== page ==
“Ellen Gable has delivered another impressive YA novel in “Charlotte’s Honor.” I thoroughly enjoyed this book and read in just a few sittings. “Julia’s Gifts” together with this newest novel in the Great War Great Love Series would make a super gift for any pre-teen or teen girl. I love the gentle but powerful lessons about true love (that it involves sacrifice—always) and found the characters realistic and engaging. I look forward to her next release in the series.” Meggie Daly, author
I’m happy to be participating in the Virtual Book Tour of Theresa Linden’s newest book, Roland West Outcast, Book 5 in the West Brothers Series.
He’s searching for the truth but is he ready to proclaim it?
For shy Roland West, speech class is synonymous with humiliation. The last thing he wants is more attention from the gossips and troublemakers of River Run High School. But when an outcast’s house is viciously vandalized, Roland needs to find the perpetrators—before they strike again. Yet nothing is as straightforward as it seems. Suspected by the police and ridiculed for his beliefs, Roland draws closer to the sinister truth. When the perpetrators threaten a good friend, can Roland overcome his fear of speaking out and expose them?
My review: I thoroughly enjoyed this installment of the West Brothers Series. Linden creates characters real, believable and three-dimensional. And the story is so compelling, I just wanted to keep reading and was disappointed when it ended. Highly recommend (and not just for young adults!)
Connect with Theresa Linden:
blog: Things Visible & Invisible
PAPERBACK http://ow.ly/Do2c30mhyr5 (Tumblar House)
EBOOK http://ow.ly/F2oY30mhyA6 (Kindle on Amazon)
I’m joining with Carolyn Astfalk and Catholic Mom for An Open Book! Here’s what I’ve been reading these past few weeks:
I’ve spent the last month or so getting my new book ready for publication! We’re currently in the middle of a Virtual Book Tour!
Amazon synopsis: After receiving notification that her brother –and only relative — is killed in action during the Great War, 21-year-old Charlotte Zielinski enlists as a medical volunteer. She eventually begins working in the death ward of the field hospital near Soissons, France, holding dying men’s hands and singing them into eternity.
Dr. Paul Kilgallen is a Canadian surgeon working at the field hospital. During a siege by the enemy, everyone evacuates except for Paul and Charlotte, who volunteer to remain in the basement of the chateau to care for the critically ill soldiers.
During those three days, Charlotte sees a side of Paul that very few have seen and finds herself falling in love with him. Before Paul leaves for the front, he abruptly tells her that he cannot love her, and it would be best to “forget him.”
Just when the war is coming to a close, Charlotte is surprised by two events that are destined to change her life forever.
Amazon Synopsis: Have you ever wondered who you are? Or how you became who you are? Or what is it that defines you as a person and, more specifically, what were some of those defining moments in your life?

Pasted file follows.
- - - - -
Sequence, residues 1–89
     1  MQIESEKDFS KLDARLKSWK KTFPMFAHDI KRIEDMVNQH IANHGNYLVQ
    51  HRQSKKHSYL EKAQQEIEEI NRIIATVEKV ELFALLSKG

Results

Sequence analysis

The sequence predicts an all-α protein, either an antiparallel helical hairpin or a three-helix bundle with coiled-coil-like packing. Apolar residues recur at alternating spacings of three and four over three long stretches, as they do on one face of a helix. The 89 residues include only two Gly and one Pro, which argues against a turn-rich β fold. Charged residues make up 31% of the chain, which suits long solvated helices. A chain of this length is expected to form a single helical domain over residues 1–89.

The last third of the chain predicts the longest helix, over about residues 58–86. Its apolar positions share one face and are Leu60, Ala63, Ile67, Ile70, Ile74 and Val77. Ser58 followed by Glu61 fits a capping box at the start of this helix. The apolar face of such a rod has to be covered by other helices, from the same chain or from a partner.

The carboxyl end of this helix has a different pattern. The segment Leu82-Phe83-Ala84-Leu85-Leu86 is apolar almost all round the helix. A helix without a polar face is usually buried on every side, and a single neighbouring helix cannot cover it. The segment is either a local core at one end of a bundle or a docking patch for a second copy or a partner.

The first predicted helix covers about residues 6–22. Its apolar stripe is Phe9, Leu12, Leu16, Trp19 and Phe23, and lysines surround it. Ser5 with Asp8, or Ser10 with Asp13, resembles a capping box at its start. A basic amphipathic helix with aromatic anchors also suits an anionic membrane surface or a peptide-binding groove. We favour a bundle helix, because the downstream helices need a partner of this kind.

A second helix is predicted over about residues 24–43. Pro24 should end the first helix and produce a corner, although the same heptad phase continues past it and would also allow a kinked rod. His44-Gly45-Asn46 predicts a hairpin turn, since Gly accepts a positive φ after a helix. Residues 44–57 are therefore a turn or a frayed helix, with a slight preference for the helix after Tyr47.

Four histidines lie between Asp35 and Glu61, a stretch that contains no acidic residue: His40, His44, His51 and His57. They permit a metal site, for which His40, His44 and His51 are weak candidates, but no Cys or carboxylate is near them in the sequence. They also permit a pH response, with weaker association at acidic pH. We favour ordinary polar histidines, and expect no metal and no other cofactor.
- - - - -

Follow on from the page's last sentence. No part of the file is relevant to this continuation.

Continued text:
Forever Thirteen documents a Sunday morning newspaper headline that read, “Boy Scout Camper, 13, Drowns as Raft Sinks.” This is the true story of a family tragedy as recounted by the nearly twelve-year-old brother who writes this story some years later. It is a story of a mother’s nervous breakdown and a father’s inability to provide comfort to his children at this critical period. It is a firsthand account of unintentional abandonment, suffering, sadness, detachment, guilt, and recovery.
As a youth, the author struggled through this experience, maintaining his faith in God and continuing to hope and pray for the rebuilding of his family, while maintaining love for those who were letting him down.
This is a story that can help others in their personal journeys through those tragedies that we all eventually face.
My review: I edited and formatted this book, and it’s a heart-wrenching read. The author takes us through those difficult days of his older brother’s accidental death in 1954 when his brother was 13 and the author was almost 12. Highly recommend.
Amazon Synopsis: Praying with Mother Teresa brings us into the heart of Mother Teresa’s prayer life! Author Susan Conroy, a personal friend of Mother Teresa, gives us a meditative look at Mother Teresa’s insights on suffering, joy, peace, humility, and poverty, and brings us right into the prayer life of one of the most beloved women of our time, Saint Teresa of Calcutta. Each prayer has been carefully, and prayerfully, selected for use in daily prayer. Mother Teresa gave Susan her blessing and approval to share these words and prayers with others “to bring them peace and joy too.”
My review: On my To Read Shelf!
Amazon Synopsis: He is America’s most prolific serial killer. And yet Kermit Gosnell was no obvious criminal.
Through desperate attempts to cover up the truth, the mainstream media revealed exactly how important Kermit Gosnell’s story is. National best seller Gosnell: The Untold Story of America’s Most Prolific Serial Killer is a book that rocked America – and now it is a major motion picture!
Masquerading as a doctor and an advocate for women’s reproductive health, Kermit Gosnell was purposefully ignored for years. Gosnell reveals that inside his filthy clinic, Gosnell murdered born-alive infants, butchered women, and made a chilling collection of baby feet. Meanwhile, pro-choice politicians kept health inspectors far away. Only when tenacious undercover detective Jim Wood followed a narcotics investigation straight into the clinic did Gosnell’s reign of horror finally come to an end…and the fight for justice begin.
Written by investigative journalists Ann McElhinney and Phelim McAleer, this gripping story premiers October 12 as a major motion picture, starring Dean Cain as Detective Wood. Fans of the movie – and every pro-life American – should dive into this nationally bestselling book for a closer look into the shocking and gruesome crime of the century.